But, the oddest thing was that I could never pronounce the names of any of the characters I was reading about. Whenever I was asked about what I was reading, I stumbled all over myself trying to pronounce the names of any of the characters. I had never heard them in my head. I always thought that this was a little odd, but again, not debilitating and fairly easy to overcome. I always thought that I just couldn’t remember very well, but that was a pretty inconsistent explanation, because plot and context came to mind easily.

Writing was darn near impossible because none of the ideas came in an orderly fashion and all the organizing tricks they tried to teach us never worked very well for me. I could make all the notes I wanted to. I could sort all the note cards I could fill out, but I could never seem to get them in the right order for my paragraphs to make any sense. And, like a lot of people, I just didn’t have the patience for multiple drafts of writing anything. I followed these simple rules of paragraph composition: topic sentence, supporting sentence, summary sentence. I was quite the king of three sentence paragraphs. I got better and better at it, but it wasn’t until the advent of “word processing” that writing finally became enjoyable. I could now put down my ideas in any order and rearrange them on the fly. Oooh, and automatic spell check…this is living!!!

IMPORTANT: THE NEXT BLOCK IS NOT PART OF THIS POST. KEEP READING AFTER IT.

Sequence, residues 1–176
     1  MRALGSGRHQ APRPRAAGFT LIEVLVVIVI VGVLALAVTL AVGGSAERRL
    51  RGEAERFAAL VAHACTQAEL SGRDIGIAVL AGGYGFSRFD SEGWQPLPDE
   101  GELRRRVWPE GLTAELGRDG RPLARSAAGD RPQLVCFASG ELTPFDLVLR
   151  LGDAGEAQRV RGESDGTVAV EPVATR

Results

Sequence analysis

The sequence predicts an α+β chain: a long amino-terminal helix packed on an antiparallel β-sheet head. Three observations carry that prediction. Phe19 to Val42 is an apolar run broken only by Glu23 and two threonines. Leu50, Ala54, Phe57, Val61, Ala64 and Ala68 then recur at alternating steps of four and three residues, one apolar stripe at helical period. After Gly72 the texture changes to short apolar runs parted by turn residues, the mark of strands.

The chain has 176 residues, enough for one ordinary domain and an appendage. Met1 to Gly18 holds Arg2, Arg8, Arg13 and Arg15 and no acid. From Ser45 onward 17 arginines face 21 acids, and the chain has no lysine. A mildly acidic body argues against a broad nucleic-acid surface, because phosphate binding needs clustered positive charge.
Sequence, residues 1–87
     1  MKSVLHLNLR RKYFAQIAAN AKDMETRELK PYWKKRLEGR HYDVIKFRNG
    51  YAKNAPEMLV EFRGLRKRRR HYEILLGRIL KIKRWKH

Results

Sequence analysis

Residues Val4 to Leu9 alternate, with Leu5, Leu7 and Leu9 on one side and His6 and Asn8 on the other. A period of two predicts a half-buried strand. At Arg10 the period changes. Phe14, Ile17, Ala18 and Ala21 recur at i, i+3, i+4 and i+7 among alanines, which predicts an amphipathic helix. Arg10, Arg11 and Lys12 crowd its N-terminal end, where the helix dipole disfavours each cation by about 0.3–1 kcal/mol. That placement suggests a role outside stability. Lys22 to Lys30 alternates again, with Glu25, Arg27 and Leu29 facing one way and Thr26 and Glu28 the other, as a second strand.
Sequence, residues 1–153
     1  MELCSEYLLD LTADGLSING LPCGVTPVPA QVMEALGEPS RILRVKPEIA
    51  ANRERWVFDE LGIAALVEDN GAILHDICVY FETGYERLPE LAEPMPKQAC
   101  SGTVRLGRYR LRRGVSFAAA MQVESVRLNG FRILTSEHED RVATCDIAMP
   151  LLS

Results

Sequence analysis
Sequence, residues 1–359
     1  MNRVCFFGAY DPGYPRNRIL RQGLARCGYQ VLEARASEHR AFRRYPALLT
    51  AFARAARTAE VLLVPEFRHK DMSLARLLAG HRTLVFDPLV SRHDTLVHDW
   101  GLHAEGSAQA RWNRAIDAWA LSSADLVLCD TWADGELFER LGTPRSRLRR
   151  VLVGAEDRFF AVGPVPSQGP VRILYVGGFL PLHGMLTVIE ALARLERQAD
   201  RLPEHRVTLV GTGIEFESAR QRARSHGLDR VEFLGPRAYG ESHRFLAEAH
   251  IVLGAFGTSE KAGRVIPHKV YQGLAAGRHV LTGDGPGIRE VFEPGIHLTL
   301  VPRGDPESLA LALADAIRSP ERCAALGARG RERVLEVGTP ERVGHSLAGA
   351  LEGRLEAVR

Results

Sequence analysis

But the most serious consequence of this whole thing is that I have never really mastered the art of direction. High School marching band was hell because of all the “Right Face,” “Left Face” stuff. I was never good at that and always nervous whenever we were going to have to march somewhere. When I was a Junior I bought myself a class ring. Class rings were worn on the right hand. This was a very helpful clue. I could now process the right and leftness of my hands because of that ring. (This worked fine until I got married. For the first four or five months I wore both a class ring and my wedding ring. I was confused almost constantly. I finally had to take the class ring off.)